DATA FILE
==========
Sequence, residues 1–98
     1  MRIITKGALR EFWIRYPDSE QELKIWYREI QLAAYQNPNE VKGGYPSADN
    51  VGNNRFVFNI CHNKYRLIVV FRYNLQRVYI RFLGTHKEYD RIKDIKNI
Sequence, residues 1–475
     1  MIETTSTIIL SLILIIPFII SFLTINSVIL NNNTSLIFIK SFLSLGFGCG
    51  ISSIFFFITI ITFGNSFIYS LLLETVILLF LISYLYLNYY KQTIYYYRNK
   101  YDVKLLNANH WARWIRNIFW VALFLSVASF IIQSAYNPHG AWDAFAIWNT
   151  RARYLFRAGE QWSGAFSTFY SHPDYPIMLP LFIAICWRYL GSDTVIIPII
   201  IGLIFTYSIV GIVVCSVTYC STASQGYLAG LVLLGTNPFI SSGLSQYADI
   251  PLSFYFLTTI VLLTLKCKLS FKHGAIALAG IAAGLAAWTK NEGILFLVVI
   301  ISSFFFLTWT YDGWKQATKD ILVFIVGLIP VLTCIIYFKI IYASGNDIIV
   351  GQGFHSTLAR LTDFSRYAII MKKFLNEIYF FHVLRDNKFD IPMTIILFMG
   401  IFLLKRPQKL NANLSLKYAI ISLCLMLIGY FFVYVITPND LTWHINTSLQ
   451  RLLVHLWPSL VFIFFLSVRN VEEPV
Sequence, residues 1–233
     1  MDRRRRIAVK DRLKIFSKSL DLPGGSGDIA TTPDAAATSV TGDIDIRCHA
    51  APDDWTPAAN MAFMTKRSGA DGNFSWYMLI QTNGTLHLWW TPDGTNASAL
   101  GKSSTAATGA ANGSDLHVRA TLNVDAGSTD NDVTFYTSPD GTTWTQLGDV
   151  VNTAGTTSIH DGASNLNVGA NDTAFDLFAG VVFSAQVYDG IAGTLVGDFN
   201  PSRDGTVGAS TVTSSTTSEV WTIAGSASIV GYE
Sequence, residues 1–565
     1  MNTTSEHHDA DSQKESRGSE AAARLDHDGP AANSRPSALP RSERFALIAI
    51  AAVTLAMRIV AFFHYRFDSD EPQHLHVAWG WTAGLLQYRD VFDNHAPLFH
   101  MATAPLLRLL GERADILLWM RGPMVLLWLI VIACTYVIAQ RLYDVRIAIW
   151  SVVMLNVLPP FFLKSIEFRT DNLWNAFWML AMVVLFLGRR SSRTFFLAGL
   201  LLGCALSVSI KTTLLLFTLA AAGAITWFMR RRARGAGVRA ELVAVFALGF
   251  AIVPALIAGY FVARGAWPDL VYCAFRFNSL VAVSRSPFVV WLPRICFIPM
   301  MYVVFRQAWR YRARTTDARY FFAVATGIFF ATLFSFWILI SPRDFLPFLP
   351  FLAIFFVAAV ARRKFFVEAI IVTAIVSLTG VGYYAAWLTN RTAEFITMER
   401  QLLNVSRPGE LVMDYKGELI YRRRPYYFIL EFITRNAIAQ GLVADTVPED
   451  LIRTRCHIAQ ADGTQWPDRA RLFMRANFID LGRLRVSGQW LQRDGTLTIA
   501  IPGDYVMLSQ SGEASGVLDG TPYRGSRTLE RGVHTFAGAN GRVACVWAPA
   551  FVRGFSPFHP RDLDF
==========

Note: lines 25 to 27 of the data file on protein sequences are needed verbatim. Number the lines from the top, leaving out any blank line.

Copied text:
   151  SVVMLNVLPP FFLKSIEFRT DNLWNAFWML AMVVLFLGRR SSRTFFLAGL
   201  LLGCALSVSI KTTLLLFTLA AAGAITWFMR RRARGAGVRA ELVAVFALGF
   251  AIVPALIAGY FVARGAWPDL VYCAFRFNSL VAVSRSPFVV WLPRICFIPM